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NASA will pay $500,000 for good ideas on food production in space

Astronaut Chris Cassidy unpacks a box of food that was flown to the International Space Station in October as NASA planned a contest that seeks innovative ways to grow food in space. Photo courtesy of NASA
Astronaut Chris Cassidy unpacks a box of food that was flown to the International Space Station in October as NASA planned a contest that seeks innovative ways to grow food in space. Photo courtesy of NASA

ORLANDO, Fla., Feb. 1 (UPI) -- NASA is prepared to pay $500,000 for a good idea to help feed astronauts on long-term space missions with something other than dried, packaged food from Earth.

The space agency has set a July 30 deadline on its Deep Space Food Challenge, when it will choose a winning idea. The Canadian Space Agency launched a similar challenge with phased awards totaling $500,000 that will result in a grand prize winner in 2024.

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NASA needs new ideas for food that make the best use of limited resources and generate as little waste as possible, said Grace Douglas, NASA lead scientist for advanced food technology at Johnson Space Center in Houston.

"NASA has knowledge and capabilities in this area, but we know that technologies and ideas exist outside of the agency," Douglas said in an interview. "Raising awareness will help us reach people in a variety of disciplines that may hold the key to developing these new technologies."

Douglas wrote a paper in 2020 with two colleagues, published in the Journal of Nutrition, that outlined the problems astronauts face with food boredom aboard the International Space Station.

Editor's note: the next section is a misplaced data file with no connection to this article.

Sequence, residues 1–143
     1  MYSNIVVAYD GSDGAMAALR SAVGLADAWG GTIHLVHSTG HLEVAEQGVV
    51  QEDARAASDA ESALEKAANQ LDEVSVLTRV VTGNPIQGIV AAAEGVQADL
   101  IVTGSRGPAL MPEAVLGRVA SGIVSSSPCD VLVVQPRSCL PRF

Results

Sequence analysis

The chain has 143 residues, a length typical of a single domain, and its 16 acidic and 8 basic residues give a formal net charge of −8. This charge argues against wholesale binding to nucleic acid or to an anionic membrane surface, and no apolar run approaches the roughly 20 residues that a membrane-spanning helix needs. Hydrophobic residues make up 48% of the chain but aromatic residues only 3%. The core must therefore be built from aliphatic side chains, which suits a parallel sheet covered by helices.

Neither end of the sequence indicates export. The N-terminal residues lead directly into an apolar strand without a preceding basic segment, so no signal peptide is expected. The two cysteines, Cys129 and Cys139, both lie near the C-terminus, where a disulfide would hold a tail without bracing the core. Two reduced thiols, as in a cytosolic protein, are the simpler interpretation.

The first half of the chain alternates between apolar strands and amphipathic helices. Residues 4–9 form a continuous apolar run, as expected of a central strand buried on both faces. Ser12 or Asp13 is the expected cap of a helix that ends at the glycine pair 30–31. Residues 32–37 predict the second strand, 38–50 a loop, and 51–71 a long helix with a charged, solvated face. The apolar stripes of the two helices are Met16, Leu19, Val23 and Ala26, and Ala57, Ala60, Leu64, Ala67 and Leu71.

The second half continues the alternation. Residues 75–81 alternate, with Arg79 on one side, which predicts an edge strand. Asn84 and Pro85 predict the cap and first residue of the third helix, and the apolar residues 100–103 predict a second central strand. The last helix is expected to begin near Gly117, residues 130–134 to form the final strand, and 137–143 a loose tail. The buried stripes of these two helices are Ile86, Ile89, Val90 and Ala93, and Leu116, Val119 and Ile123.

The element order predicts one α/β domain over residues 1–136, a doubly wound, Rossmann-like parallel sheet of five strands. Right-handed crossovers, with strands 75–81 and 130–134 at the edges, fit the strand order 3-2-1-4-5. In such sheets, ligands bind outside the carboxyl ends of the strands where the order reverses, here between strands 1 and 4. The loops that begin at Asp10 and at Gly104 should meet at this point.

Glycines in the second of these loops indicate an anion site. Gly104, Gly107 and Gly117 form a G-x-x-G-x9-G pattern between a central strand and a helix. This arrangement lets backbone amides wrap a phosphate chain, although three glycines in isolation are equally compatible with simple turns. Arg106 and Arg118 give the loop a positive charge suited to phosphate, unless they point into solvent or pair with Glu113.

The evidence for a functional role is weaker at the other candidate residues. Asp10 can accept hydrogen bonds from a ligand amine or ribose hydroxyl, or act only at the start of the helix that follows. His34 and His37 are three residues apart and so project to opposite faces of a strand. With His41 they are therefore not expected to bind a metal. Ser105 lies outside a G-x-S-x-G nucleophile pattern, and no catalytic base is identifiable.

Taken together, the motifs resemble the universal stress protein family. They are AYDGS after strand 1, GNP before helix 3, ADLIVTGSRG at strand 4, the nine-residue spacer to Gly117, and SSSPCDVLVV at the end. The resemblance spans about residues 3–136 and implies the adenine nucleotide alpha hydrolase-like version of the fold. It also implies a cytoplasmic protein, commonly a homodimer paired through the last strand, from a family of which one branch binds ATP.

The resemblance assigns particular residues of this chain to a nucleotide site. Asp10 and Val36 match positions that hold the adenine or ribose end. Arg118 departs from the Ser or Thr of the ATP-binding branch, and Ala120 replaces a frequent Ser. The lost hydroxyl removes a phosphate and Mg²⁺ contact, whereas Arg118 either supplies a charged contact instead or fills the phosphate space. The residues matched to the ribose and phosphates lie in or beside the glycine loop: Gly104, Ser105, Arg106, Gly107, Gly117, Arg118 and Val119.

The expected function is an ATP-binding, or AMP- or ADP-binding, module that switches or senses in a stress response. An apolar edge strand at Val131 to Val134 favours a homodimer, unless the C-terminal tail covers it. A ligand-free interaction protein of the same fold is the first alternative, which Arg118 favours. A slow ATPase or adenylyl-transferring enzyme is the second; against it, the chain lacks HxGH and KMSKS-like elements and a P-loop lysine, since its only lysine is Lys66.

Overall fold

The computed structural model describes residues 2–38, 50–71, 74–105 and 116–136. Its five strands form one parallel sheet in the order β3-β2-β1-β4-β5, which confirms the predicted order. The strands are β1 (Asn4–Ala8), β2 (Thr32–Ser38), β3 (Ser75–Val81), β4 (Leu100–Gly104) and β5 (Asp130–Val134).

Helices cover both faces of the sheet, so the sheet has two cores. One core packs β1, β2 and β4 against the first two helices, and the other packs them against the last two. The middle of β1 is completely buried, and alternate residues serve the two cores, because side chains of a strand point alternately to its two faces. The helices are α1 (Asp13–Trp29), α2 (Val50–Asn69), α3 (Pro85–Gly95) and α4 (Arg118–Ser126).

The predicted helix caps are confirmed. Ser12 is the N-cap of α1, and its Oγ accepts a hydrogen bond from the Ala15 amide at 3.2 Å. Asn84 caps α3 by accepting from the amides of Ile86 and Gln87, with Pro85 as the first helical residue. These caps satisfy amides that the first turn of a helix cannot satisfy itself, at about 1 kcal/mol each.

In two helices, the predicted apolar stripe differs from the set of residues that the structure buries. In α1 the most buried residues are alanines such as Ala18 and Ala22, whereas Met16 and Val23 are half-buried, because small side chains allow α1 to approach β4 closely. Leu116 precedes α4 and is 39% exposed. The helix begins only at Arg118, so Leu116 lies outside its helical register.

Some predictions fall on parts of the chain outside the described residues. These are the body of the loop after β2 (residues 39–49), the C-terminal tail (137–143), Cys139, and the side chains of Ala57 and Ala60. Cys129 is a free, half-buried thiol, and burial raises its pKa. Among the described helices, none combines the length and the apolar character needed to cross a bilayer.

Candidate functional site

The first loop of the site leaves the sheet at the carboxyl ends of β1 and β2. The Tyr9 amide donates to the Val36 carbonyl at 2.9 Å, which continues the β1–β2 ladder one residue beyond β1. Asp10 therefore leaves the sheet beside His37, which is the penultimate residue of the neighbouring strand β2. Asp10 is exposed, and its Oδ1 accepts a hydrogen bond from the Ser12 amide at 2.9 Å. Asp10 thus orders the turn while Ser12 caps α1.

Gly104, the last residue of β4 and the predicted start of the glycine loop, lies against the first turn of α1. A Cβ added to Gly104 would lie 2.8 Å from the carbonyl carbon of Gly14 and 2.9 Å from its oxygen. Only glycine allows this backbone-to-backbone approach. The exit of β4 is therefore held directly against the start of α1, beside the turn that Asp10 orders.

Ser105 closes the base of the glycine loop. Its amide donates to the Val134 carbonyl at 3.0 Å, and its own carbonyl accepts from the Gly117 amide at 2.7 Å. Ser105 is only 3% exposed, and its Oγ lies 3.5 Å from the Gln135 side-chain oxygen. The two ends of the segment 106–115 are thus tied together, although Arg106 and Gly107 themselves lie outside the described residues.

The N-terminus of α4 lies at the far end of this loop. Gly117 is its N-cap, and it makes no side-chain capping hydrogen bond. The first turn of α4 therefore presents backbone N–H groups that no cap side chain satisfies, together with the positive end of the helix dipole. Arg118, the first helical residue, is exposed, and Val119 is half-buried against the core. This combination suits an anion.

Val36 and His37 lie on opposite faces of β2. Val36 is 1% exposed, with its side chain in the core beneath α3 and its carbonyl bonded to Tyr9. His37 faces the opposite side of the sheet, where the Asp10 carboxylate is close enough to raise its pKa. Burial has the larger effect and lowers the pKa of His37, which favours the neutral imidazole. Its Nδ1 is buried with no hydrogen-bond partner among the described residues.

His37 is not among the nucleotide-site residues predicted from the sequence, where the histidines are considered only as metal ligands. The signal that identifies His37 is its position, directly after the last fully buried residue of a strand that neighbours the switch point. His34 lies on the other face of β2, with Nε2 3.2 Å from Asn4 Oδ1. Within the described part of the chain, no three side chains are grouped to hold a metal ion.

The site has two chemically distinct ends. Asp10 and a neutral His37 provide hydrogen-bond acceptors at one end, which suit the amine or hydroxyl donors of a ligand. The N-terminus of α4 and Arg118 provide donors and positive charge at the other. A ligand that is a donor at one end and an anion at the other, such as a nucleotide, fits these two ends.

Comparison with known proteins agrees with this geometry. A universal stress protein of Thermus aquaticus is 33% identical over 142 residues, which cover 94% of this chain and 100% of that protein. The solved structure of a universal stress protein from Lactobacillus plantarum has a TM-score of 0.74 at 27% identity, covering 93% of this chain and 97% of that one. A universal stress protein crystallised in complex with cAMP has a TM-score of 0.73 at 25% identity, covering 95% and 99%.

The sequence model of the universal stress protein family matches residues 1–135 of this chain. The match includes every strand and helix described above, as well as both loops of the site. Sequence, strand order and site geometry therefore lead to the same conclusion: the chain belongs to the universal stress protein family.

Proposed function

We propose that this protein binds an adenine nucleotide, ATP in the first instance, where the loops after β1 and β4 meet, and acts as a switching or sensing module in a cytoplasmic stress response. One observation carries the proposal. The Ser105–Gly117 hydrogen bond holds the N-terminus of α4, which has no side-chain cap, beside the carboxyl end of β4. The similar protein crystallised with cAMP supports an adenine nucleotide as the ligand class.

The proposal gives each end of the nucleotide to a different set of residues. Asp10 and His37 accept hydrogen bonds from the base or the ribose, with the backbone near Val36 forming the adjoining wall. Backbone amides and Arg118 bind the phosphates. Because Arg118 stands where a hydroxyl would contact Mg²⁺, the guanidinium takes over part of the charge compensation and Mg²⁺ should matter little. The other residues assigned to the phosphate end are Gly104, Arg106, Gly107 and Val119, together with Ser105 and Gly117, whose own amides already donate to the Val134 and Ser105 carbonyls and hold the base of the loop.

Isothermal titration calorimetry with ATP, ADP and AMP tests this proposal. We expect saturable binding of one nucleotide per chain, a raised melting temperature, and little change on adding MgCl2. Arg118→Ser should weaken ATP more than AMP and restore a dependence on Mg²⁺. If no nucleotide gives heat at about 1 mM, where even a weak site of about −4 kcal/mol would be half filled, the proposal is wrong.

"Resupply vehicles arrive several times a year, bringing some fresh fruits and vegetables and some semi-shelf-stable specialty items. Astronauts report that these deliveries provide profound psychological benefits," according to the paper, titled Space Food for Thought: Challenges and Considerations for Food and Nutrition on Exploration Missions.

The paper also outlines methods NASA has tried to produce food in space, including the limited cultivation of greens and radishes. Other experiments included the use of yeast to grow nutrients that could supplement astronaut diets. But none of those experiments provided a significant volume of food.

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Astronauts ate space-grown radishes for the first time in late December.

According to NASA records, Apollo astronauts demanded that lunar capsules come with hot water to hydrate meals, but Douglas warns that NASA might not be able to provide that for all parts of a deep space mission.

NASA plans to return astronauts to the moon in 2024, although that date is questionable due to a lack of congressional funding. The space agency also has long-term goals to land people on Mars, but believes the fastest possible roundtrip of a crewed vessel would be around 250 days -- meaning resupply would be nearly impossible.

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Producing food with minimal resources and waste is a challenge on Earth, as well, especially for remote polar or desert regions, Douglas said.

"The spacecraft environment is faced with even tighter resource restrictions...due to the size of the spacecraft and limitations on launch mass," she said.

Another major problem for deep space food production is the time it takes to grow and prepare food, Douglas said. On a trip to the moon or Mars, the crew will be busy with science goals and spacecraft maintenance.

"Food systems must consistently provide high-quality food that crew look forward to preparing and consuming after a long day of work," Douglas said.

20 years aboard the International Space Station

The International Space Station is photographed by Expedition 56 crew members from a Soyuz spacecraft after undocking on October 4, 2018. NASA astronauts Andrew Feustel and Ricky Arnold and Roscosmos cosmonaut Oleg Artemyev executed a fly-around of the orbiting laboratory to take pictures of the space station before returning home after spending 197 days in space. Photo courtesy of NASA/Roscosmos

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